MY SPOTLIGHT...

...on this year's "international patient safety day" focusing on "communication in healthcare"

ON SUNDAY, 17. SEPTEMBER 2017

What is it about interpersonal communication that makes it so important to patient safety? Looking at the global literature on the role of communication as a contributing factor to patient safety events, we can derive that at least every 2-6 seconds, a patient is harmed by poor communication somewhere in the world. What does that tell us? It shows us that communication is more than a soft skill. It constitutes a considerable risk factor in healthcare. We published two books with DeGruyter this year in which we conceptualize this type of communication as “unsafe communication”. We studied what it looks like. We identified five “SACCIA” errors that commonly contribute to preventable patient harm. These five communication errors directly translate into five “SACCIA” core competencies that we must learn and teach to make healthcare safer:

1.     S = Sufficiency (cover sufficient information)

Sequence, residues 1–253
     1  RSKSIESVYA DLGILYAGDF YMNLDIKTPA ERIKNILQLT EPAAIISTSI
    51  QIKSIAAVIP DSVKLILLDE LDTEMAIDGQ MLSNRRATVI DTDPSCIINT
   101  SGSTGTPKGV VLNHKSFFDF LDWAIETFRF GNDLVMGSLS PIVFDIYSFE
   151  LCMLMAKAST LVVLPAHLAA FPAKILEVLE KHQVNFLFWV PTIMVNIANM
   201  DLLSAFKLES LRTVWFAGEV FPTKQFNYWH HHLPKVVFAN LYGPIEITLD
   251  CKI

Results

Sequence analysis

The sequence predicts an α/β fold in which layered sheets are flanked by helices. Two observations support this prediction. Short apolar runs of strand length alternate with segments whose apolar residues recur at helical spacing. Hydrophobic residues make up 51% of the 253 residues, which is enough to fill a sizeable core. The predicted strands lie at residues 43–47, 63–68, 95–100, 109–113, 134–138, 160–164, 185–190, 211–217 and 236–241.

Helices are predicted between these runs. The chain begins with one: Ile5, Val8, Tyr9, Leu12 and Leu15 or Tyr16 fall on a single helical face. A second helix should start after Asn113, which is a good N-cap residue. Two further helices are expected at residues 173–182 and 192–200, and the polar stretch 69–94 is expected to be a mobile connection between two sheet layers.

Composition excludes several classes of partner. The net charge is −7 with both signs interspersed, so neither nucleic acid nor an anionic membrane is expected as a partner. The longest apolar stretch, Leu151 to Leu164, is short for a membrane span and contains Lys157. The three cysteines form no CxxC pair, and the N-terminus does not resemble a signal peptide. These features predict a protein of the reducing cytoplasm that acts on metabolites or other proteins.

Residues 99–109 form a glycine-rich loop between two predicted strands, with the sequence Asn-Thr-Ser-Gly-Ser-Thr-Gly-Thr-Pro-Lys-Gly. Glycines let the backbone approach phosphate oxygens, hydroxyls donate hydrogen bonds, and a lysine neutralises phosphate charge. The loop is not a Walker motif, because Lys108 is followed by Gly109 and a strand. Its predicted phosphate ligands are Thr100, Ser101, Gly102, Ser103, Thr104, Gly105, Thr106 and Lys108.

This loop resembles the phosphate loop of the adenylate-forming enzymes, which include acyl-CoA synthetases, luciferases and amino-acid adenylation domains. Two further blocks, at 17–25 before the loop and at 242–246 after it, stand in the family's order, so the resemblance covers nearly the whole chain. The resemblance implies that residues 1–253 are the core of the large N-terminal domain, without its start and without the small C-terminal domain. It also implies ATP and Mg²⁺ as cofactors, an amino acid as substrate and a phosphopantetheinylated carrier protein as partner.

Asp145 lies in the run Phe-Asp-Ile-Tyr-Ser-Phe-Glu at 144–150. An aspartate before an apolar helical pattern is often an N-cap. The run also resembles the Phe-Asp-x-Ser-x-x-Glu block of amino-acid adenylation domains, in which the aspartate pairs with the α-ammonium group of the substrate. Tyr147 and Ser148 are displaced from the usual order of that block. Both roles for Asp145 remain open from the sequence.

2.    
A = Accuracy (convey correct information, decode it correctly, and use communication as an interactive validation process)
3.    
C = Clarity (avoid vagueness and use your communication with each other to reduce uncertainties)
4.    
C = Contextualization (always frame communication in its given context)
5.    
IA = Interpersonal Adaptation (watch out for verbally and nonverbally expressed needs, and adapt to them spontaneously)

Over the past few years, patient safety has come such a long way with its efforts. This year's International Patient Safety Day motivates us to mobilize the interpersonal pathways to safer care – to improve the “working together” part of healthcare – so that along with us humans, healthcare will become more reliable and consistent. So that we can save time. So that we can cut preventable expenses. And, most importantly, that we can protect and save patients’ lives – at least one life every 2-6 seconds! Imagine that impact.

That said, if I had a wish, I would want this to be the world’s focus on September 17 this year: Safer communication, safer healthcare.

Let us begin now to implement what we know into everyday practice. As practitioners, patients, and care companions. If we do not do this, we say “no” to patient safety. If all of us take that first step today, we will change healthcare forever – maybe with the greatest impact ever measured.

Annegret F. Hannawa, Ph.D., Universität Lugano